3. The 10°C Summer Isotherm
Another popular method of defining the Arctic is the 10°C summer isotherm. Similar to the treeline method, this uses the change in growing conditions for plants as its basis.
The 10°C summer isotherm is a boundary that includes anywhere where the average summer temperature does not exceed 10°C.
The summer isotherm draws a similar boundary to the treeline as they are both climate-based definitions. However, the summer isotherm also includes some nearby areas of high altitude that would not be covered by the treeline definition.
4. The CAFF Boundary
A fourth common way of defining the Arctic is the boundary used by the Conservation of Arctic Flora and Fauna (CAFF). This is a working group of the Arctic Council.
The Arctic Council is an international organization made up of the eight countries that fall within the Arctic area. Together, they address issues faced by the Arctic and the indigenous people that live there.
The area defined by this boundary is the largest of all the definitions, extending further south than the treeline and summer isotherm in some areas.
Note: Other working groups of the Arctic Council use slightly different boundaries depending upon their needs, such as the Emergency, Prevention, Preparedness and Response (EPPR), and the Arctic Human Development Report (AHDR). But CAFF is the most widely used of these.
We’ve just covered the main definitions but others include the point where the Arctic Ocean meets the Atlantic and Pacific Oceans or some people use the line of latitude at 60° north.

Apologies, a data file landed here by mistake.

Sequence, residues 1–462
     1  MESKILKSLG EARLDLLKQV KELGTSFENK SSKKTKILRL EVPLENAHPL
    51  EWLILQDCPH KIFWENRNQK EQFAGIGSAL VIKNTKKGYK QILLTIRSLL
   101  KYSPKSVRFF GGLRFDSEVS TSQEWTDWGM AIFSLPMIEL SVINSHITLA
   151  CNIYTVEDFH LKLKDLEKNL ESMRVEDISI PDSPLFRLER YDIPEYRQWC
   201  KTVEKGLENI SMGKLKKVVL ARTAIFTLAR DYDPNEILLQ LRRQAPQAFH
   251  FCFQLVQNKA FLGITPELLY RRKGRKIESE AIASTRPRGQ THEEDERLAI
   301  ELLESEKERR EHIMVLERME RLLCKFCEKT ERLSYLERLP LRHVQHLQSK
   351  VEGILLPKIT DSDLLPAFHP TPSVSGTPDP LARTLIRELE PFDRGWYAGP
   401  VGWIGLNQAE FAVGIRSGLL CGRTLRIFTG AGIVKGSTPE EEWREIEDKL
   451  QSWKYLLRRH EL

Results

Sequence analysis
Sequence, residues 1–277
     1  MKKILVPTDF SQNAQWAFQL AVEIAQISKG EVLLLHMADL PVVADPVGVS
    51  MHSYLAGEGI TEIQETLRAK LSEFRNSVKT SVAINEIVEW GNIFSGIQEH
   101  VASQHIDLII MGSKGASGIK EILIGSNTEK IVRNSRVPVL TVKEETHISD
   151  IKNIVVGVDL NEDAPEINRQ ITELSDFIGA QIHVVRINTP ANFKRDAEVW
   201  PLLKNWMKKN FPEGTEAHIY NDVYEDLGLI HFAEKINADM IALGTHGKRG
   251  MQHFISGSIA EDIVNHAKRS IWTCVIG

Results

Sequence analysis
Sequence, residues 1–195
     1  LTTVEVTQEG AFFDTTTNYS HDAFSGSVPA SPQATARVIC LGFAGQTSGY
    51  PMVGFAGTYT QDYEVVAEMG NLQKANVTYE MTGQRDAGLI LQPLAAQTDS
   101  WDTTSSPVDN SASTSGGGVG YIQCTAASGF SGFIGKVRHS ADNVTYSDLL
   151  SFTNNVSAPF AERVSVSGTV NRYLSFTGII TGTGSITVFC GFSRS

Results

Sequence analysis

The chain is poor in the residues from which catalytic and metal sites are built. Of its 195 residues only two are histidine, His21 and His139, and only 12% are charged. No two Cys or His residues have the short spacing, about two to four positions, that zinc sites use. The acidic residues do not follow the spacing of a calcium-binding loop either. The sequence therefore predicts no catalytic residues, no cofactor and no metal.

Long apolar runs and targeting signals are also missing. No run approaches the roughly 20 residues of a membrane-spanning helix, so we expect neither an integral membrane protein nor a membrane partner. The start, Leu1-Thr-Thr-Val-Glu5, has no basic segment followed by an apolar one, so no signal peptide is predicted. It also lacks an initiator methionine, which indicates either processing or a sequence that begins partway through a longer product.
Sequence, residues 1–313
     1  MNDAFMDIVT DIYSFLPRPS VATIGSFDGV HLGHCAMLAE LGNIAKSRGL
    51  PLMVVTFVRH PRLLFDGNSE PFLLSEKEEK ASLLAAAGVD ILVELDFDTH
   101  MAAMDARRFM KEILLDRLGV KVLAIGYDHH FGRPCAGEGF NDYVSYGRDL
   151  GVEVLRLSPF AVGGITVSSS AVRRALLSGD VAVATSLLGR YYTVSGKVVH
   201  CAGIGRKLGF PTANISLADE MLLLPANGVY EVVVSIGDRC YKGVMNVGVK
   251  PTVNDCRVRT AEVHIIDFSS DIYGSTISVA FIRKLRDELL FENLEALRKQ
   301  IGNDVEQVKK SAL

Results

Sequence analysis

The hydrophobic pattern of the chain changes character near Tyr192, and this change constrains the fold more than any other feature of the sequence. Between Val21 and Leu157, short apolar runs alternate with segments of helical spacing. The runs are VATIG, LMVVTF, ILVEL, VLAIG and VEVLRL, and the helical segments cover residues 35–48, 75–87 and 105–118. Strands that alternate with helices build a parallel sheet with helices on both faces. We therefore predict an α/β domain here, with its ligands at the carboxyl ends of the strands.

However, these other definitions are harder to justify than the four main ones shared above.
Is the Arctic in the North or South Pole?
The Arctic is located in the northernmost part of the planet around the north pole and extending south. At the opposite end of the planet, around the south pole, you’ll find Antarctica.
How Big is the Arctic?
Using the common definition of the Arctic which includes everything north of the Arctic circle, the Arctic is 20 million km2 (7.7 million sq mi) which equals about 4% of Earth’s surface.
Marsh, William M.; Kaufman, Martin M. (2012). Physical Geography: Great Systems and Global Environments. Cambridge University Press. p. 24. ISBN 978-0-521-76428-5.
How Big is the Arctic Ocean?
The Arctic ocean is 14.06 million km².
Is the Arctic a Continent?
No, the Arctic is not a continent. Whilst you will find sea ice across most of the Arctic during winter, there is no landmass underneath so when it melts in the summer it becomes open ocean.
Around the edge of the Arctic, there is a landmass, however, this landmass is parts of North America, Europe, and Asia, rather than a separate continent.
This is the opposite of Antarctica which is a separate continent because there is a landmass underneath all the ice and snow at the south pole.
What Countries Are in the Arctic?
Eight countries have territory within the Arctic, these are Canada, Greenland (Denmark), Iceland, Norway, Sweden, Finland, Russia, and the United States.